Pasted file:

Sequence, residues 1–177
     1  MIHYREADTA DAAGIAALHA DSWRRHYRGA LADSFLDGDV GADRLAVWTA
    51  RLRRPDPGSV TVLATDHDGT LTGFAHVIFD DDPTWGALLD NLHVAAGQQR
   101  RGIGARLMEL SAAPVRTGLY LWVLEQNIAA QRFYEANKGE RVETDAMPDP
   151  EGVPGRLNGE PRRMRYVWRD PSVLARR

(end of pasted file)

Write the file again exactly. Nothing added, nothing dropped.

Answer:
Sequence, residues 1–177
     1  MIHYREADTA DAAGIAALHA DSWRRHYRGA LADSFLDGDV GADRLAVWTA
    51  RLRRPDPGSV TVLATDHDGT LTGFAHVIFD DDPTWGALLD NLHVAAGQQR
   101  RGIGARLMEL SAAPVRTGLY LWVLEQNIAA QRFYEANKGE RVETDAMPDP
   151  EGVPGRLNGE PRRMRYVWRD PSVLARR